Race day arrived and I felt exceptionally relaxed, but I knew I wasn't fully healed from my injuries and was going to need to compete with care. Admittingly, holding back while competing was a struggle all day. This was my 5th year in a row competing at Eagleman, and I always hope to improve upon prior year’s performances. My AquaVelo wave was the last one of the day and by 8:30 when we started, it was already really hot. After waiting a couple hours to start, I finally finished drinking the last of my Vega Pre-workout Energizer, took a Vega Endurance Gel to top off the glycogen stores, put my swim cap on and got into the water with close to 80 other men.
Everyone seemed to be vying for position early in the swim. I wasn't able accelerate as quickly through the cluster of swimmers to get into an appropriate pack as I’d done in the past, as pulling hard through the water was putting a lot of pressure on my wrist and was making my hand go numb. Additionally, the swim was extremely physical from the start and stayed that way until the first turn of the swim. With lots of physical contact early on and being concerned for my wrist, I backed off from the pack and swam solo without the benefit of a draft. I came out of the water in 28:13 and ran through the shoot hearing Gloria (my host for the weekend) cheering me on.
Once I got through transition, I tried to hammer on the bike but had to take the turns easy to protect my wrist. In a couple situations by left hand went thumb causing me to lose grip and nearly, control of the bike. Knowing that another crash was NOT in my race plan, I backed off and didn’t take any more turns out of the saddle.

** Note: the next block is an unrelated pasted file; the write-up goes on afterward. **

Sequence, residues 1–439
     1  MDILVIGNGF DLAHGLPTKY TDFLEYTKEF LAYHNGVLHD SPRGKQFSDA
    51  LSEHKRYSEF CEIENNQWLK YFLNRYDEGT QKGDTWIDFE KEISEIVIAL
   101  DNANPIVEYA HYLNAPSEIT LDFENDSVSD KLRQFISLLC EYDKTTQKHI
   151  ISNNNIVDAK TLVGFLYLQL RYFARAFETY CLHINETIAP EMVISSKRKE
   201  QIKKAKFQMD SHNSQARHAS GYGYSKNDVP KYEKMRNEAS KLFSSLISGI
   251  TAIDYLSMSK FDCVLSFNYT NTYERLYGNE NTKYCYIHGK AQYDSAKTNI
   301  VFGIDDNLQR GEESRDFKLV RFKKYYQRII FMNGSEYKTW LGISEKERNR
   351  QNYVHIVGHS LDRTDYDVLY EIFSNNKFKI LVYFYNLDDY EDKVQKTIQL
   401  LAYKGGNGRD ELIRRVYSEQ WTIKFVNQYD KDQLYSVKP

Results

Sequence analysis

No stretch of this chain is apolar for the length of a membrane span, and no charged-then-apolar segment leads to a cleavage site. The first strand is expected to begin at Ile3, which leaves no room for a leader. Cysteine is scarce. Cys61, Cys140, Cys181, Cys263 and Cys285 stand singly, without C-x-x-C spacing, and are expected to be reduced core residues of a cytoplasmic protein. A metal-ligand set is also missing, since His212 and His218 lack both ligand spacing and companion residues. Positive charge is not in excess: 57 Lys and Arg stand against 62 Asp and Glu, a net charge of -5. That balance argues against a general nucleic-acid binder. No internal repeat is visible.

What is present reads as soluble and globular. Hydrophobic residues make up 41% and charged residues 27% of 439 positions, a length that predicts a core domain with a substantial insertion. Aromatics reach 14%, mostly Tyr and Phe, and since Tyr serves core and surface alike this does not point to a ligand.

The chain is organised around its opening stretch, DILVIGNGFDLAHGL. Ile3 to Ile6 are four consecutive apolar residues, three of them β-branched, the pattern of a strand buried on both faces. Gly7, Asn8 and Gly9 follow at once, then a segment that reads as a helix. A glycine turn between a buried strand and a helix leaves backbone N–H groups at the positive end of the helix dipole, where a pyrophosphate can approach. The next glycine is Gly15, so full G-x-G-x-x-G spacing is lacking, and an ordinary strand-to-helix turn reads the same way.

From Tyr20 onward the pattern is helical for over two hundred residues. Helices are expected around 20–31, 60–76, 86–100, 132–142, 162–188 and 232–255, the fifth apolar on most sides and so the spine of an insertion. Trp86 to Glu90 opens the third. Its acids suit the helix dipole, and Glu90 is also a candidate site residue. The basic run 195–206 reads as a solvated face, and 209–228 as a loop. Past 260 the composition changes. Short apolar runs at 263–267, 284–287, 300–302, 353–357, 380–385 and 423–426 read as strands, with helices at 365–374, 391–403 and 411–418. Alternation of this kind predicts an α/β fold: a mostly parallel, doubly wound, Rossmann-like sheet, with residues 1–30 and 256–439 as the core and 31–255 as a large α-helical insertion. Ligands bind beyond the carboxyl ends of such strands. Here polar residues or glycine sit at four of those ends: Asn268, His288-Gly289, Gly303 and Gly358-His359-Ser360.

My plan for the bike was to keep my heart rate steady and focus on my race strategy: blow through the first several aid stations to save time as I had enough nutrition with me. At the halfway point I was feeling stronger than I expected which was encouraging given my injuries. Averaging 25.25+ mph, my goal was to only hit up the last aid station since I wasn't going to need to run after this leg of the race and thus I didn't think finishing a little de-hydrated would be much of an issue.
Unfortunately, the temperature was climbing and after I passed the 2nd to last aid station I realized that I was losing fluids too rapidly and that three bottles of nutrition (in fluid form) wasn't likely enough for these conditions. At mile 40 entering the Black Water Nature Preserve I felt like I had a flat tire, as I was hitting a headwind and trying to push through it. This is a great reason to have a power meter, to be able to monitor perceived effort vs watts. Pushing through this stage I felt like I couldn't drink enough but I only had a partial bottle left from the last aid station. Knowing I had to make do with what I had, I put my head down and tried to push through it. Within the last 10 miles my average pace dropped off big time and my wrist was swollen and uncomfortable.
Watching the miles tick away I was thrilled to be in the last 5 miles of the race and tried to surge again to finish strong and not give anyone the opportunity to pass or edge me out. With the finish in site, I dismounted at the line and ran across the mat in 2nd place overall (qualifying me for the AquaVelo Nationals).
I grabbed my Vega Recovery Accelerator and headed to the awards ceremony. Made it onto to the podium feeling blessed for being healthy and having such awesome friends to share the day with. Huge congratulations to everyone who finished and thanks a million to the wonderful community and volunteers who made it all possible.
Special thanks to Vega for the phenomenal nutritional products, which are an integral part of my daily lifestyle.